I went for another AKC dinner last Thursday at Shanghai River ($16/lb.) Dare I say I enjoyed it more? Our only mistake was ordering the 3rd crab dish (an extra $25) and deciding to have it with rice cakes instead of the usual Portugese rice. The rice cakes dish was way too bland, and was certainly not worth $25. That being said, I enjoyed the crab a little more at Shanghai River. And the service was excellent(and we got a free dessert).

    1. Hi Sandi: Thanks for coming to the dinner. Ben

  10. wow, the crabs certainly looks good. Just like you, I rather not get bogged down be the whole weight thing. I second Buddha Girl’s recomendation for BFT (避风塘)style, it’s real good 🙂

  11. We went last friday to a place in the Strip Mall where Happy Date is located (can’t remember the name of the place). We had a 14 lb crab for 5 people. Yes that was a lot and yes I got my AKC fix for the year. We had the crab body prepared a different way this time (braised instead of deep fried) and it was a nice change. Besides the noodles that came with it, and a couple of dishes for the 3 people that had seafood allergies that couldn’t eat the crab, that was all we ordered.

    Price was not cheap ($16 a pound) but we got what we ordered.

    1. Hi iluvtofish: OMG. 14lbs AKC are not common to find in restaurants. For 5 people, that is like having 3lbs each. Whew! Ben

      1. They said it was one of the largest ones they have served this year. We do this alot so we could tell it was a legit 14 lbs. Unbelievable the amount of meat in the body. It was like eating a large plate full of lobster tail pieces!

        With the price of the crab and the dollars at stake, I am surprised that the restaurants aren’t pressured more to weigh the crab at the table for the guests to see. I mean we are concerned about whether the weight of produce that we buy at the supermarkets is correct but we easily accept what they tell us about something that costs 16 bucks a pound!

        I think i’m only going to do it once this year because the prices are now going up. The prices seem to be higher this year. Last year I was able to get it for 14 bucks a pound at Kirin.

        1. Hi iluv2fish: Now that you mentioned it, yeah, I find that the AKC prices are more expensive this year compared to last year. Ben

    2. I think that is Golden Paramount.

      1. Yes that sounds like it!

  12. Those AKC photos are so mouth watering….why are your photos so awesome Ben?!

  13. Sorry to hear about their service. I was quite disappointed that you had to experience that. I’ve been to their Main St and Richmond location and the service was always good. They do have the best AKC dishes I must say. It was quite memorable.

  14. I’ve been reading chowtimes for years, but this post reminded me of my AKC experience at SSW (Nov/10). When I first phoned inquiring about availability and price per pound the restaurant said “Yes we have it, good price, just come down”. When pressed for price, they quote me a price… but when I got there, it was a few dollars more. With out-of-town parents and in-laws in tow, I couldn’t leave and go to my favorite in Richmond.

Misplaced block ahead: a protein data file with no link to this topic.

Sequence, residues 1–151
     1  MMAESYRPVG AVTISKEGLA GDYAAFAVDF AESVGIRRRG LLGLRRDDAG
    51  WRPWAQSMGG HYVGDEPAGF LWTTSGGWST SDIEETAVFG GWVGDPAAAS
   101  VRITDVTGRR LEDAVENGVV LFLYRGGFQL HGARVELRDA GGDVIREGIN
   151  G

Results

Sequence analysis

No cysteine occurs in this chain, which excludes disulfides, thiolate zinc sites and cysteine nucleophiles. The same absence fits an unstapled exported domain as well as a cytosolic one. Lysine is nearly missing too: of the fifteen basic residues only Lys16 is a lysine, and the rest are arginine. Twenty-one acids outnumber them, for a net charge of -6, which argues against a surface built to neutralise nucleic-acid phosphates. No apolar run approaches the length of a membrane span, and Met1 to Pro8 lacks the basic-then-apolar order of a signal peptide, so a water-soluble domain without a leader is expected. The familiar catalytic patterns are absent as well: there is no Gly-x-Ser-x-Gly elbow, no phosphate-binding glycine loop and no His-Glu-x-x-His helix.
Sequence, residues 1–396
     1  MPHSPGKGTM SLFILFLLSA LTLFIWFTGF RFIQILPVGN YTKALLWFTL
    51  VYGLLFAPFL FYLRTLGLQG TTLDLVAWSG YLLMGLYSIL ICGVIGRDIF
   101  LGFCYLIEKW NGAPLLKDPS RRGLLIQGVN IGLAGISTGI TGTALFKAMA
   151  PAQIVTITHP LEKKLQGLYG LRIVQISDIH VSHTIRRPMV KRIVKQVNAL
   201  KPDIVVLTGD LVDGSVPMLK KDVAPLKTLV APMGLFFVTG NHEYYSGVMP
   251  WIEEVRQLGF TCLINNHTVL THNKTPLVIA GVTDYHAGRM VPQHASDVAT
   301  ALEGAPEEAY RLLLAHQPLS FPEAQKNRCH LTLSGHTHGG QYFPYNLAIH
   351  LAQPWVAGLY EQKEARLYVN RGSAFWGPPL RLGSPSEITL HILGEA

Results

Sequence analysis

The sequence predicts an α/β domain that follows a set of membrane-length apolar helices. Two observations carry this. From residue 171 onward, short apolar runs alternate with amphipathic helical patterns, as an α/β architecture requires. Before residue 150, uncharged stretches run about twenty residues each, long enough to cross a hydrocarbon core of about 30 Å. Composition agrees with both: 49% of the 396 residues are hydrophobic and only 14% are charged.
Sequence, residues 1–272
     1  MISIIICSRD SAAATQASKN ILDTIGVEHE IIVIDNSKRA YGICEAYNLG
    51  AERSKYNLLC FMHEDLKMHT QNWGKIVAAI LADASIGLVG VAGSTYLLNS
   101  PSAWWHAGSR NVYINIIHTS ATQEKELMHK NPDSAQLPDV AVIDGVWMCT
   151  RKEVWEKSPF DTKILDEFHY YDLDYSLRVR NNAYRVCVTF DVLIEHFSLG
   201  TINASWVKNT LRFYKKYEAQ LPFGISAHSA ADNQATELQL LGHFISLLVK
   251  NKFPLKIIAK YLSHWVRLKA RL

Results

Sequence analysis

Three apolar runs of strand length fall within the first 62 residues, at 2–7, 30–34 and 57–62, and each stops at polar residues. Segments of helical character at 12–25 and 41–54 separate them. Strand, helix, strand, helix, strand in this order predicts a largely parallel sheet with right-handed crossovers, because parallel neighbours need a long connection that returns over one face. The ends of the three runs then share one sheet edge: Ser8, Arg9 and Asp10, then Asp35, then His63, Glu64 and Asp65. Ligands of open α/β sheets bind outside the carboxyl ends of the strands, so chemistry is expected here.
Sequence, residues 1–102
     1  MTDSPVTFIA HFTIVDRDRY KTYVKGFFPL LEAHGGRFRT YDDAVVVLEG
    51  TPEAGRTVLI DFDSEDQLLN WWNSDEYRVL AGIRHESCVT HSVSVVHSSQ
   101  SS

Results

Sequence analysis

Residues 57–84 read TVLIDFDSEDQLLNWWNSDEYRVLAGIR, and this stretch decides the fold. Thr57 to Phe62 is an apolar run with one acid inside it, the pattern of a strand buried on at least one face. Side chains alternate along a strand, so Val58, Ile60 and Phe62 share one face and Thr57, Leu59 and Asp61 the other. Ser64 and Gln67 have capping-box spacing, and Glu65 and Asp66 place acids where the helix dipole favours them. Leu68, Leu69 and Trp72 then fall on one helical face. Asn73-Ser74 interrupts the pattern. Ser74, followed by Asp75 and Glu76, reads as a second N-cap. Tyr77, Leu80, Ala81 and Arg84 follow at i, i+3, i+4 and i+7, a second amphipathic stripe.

I definitely like the spicy salt AKC and their squab. The two waiters buzzing around my table were excellent. (They had a wedding banquet at the same time, so maybe there were extras at the time).

    The captain was not helpful or patient. When I go to a restaurant, I go through the “keh-leh-feh” courses–fish, duck, veggie, noodle–and ask “what is your most popular dish in this category”. I get the sense, they cater to the money-no-object out-of-towners for the AKC, geoduck, rockfish, abalone.

  15. Hi Ben,

    As you already know, I was sorry to hear that organizing the dinner with SSW was more of a headache than necessary.

    This was my second-ever dinner at the Main SSW. Our first-ever was a lunar new year dinner where they lost our order, pretended not to, ran out of rice (at which point the server started avoiding our table out of embarrassment, I think), and ran out of dessert.

    So with that in mind, I think the AKC dinner went very well in some important ways: all the dishes you ordered arrived at the table and tasted pretty good. 🙂

    We had two AKC dinners this year, at two venerable establishments – the Chowtimes dinner at SSW, and a second dinner at Kirin City Square.

    So here are some thoughts between the two. Summary up top, gory details below for the compulsively curious.

    Executive Summary:

    As an eater, I enjoyed both meals. Kirin had a strong edge on service and a slight edge (for me) on food. However, it also was slightly more expensive. As an organizer, I prefer my experience with Kirin to the experience you describe with SSW.

    Price:

    Our dinner at Kirin was more expensive — $51 vs $46 at SSW. Also, we only had 40 lbs of crab for 36 people, so a bit less crab per person.

    For comparison, our dinner had appetizer platter, basic banquet soup, crab 3 ways, one whole duck per table of 9, veggie, noodle, dessert soup, jelly dessert, soft drinks.

    Organization:

    I must admit that we picked Kirin for our second AKC dinner in part because we had held our wedding banquet there and it had been super-easy to organize. (Including impeccable service with no mention of pre-event red pockets.)

    Organizing with Kirin was simple. We made requests. They told us up front which dishes they felt should be sized up for larger tables and warned us they would cost more than the menu price. They punched the dishes into a computer and told us the amount.